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I See Dead People…

On June 11, the Washington Post's "Wonkblog" ran an online article about The Social Security Administration (SSA) mistakenly declaring about 12,000 U.S. citizens dead every year (cue photo of zombies). In it, the blogger Ana Swanson notes:

By entering one number into the system incorrectly, a Social Security employee can bring your whole world crashing down, as the blog Priceonomics writes in a new post on the subject. People who have been mistakenly declared dead may be unable to apply for jobs, access bank accounts or credit cards, or rent or buy new homes. Their disability, Medicare or Medicaid benefits may cease. Their pension plan and insurance may be terminated. They may be left without access to housing and the medications they need. They basically can end up like Tom Hanks in "The Terminal," wandering around in terrible liminal state of boredom and frustration, except without Catherine Zeta Jones for company. And they and their family members must jump through a series of bureaucratic hoops to prove that they are still alive.

Swanson in her concluding paragraph notes the important role of the 57 vital jurisdictions (50 states, five territories, District of Columbia, and New York City) as the legal stewards of vital records on births and deaths, as well as their responsibility in providing timely death information to the SSA (and other public and private sector users) to help prevent waste, fraud and abuse:

There are some simple bureaucratic things that might be able to be done to help fix these problems. As of March, 37 states and the District of Columbia reported deaths to the administration electronically, which greatly increases the speed and accuracy of death reports. By implementing electronic reporting across the U.S., the states could almost totally eliminate the twin catastrophes of declaring the dead living and the living dead.

As the legal stewards of vital records on births and deaths, jurisdictions are the only complete and accurate source of this information. Indeed, state data are the gold standard.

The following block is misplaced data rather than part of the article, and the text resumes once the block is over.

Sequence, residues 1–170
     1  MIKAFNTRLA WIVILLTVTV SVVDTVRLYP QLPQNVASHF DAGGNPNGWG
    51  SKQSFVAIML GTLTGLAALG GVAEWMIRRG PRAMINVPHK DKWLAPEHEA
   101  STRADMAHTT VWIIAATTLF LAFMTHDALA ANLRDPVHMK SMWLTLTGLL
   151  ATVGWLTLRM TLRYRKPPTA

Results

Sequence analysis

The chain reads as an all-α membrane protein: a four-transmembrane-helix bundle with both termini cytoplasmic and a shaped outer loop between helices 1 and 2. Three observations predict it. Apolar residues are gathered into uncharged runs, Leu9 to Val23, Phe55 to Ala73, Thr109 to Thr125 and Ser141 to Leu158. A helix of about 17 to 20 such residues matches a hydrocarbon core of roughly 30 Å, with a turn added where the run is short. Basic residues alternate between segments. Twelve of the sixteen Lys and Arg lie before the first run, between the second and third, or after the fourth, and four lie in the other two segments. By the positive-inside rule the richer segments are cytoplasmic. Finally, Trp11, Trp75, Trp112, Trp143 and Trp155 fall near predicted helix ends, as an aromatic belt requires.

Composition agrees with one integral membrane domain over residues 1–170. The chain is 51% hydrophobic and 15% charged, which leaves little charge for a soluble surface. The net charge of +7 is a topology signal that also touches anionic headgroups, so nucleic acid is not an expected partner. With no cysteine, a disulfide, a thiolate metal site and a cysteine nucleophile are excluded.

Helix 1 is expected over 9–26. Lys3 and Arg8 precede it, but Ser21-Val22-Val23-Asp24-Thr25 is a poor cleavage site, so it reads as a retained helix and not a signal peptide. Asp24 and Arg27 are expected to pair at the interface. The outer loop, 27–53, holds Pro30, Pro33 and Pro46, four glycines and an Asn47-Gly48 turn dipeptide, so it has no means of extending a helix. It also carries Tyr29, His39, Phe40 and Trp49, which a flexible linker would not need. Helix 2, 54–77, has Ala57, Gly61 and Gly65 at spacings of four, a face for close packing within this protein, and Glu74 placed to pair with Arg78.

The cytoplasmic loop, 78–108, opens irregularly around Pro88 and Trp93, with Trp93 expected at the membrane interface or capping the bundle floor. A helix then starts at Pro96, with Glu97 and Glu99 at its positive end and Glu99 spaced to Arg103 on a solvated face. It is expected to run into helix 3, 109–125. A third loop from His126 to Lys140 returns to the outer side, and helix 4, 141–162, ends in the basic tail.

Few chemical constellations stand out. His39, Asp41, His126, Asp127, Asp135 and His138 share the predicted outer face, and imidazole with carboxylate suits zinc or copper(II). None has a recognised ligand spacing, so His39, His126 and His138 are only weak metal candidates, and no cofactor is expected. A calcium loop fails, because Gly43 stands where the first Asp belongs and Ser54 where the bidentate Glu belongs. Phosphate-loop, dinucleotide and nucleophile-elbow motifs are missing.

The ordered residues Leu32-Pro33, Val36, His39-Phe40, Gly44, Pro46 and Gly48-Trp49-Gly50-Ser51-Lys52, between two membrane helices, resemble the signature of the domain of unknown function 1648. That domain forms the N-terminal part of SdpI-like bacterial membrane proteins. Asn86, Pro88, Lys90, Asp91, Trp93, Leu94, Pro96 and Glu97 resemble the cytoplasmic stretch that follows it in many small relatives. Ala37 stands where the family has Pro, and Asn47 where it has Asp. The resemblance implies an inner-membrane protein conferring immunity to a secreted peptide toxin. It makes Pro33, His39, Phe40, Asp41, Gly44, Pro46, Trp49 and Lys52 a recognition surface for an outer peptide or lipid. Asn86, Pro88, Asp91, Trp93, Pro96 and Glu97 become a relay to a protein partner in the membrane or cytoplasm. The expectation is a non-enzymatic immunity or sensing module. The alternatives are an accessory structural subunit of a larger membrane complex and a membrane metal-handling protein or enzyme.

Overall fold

NAPHSIS members – the state vital records offices (VRO) - are making rapid progress in modernizing systems to transmit data to SSA even faster. To date, there are now 45 (not 37, as reported) jurisdictions registering deaths electronically, with four states currently in development and just three that have not yet started their planning.

But even in states with electronic systems, some reports from funeral directors and medical certifiers are still provided to VROs on paper. That means no automatic quality controls and cross-checks up front, and slower reporting of those deaths to SSA. The more fully electronic death reports that go to SSA, the less SSA will have to rely on unofficial and less reliable reports from family members and others. As Swanson's blog notes, it's through these unofficial reports that the living may be mistaken for the dead, and then spend too much time and money trying to prove themselves otherwise.

States can't do this alone. They need additional resources to build a 21st century vital statistics system. The president has requested that Congress provide $5 million to the National Center for Health Statistics (NCHS) to help the states implement Electronic Death Registration Systems (EDRS) - mere budget dust by federal standards considering the billions of dollars in savings we stand to gain. House appropriators have granted this funding request, while Senate counterparts have directed NCHS to make EDRS implementation a priority, while providing the agency $10 million less than current levels. More on the funding environment in my next blog…

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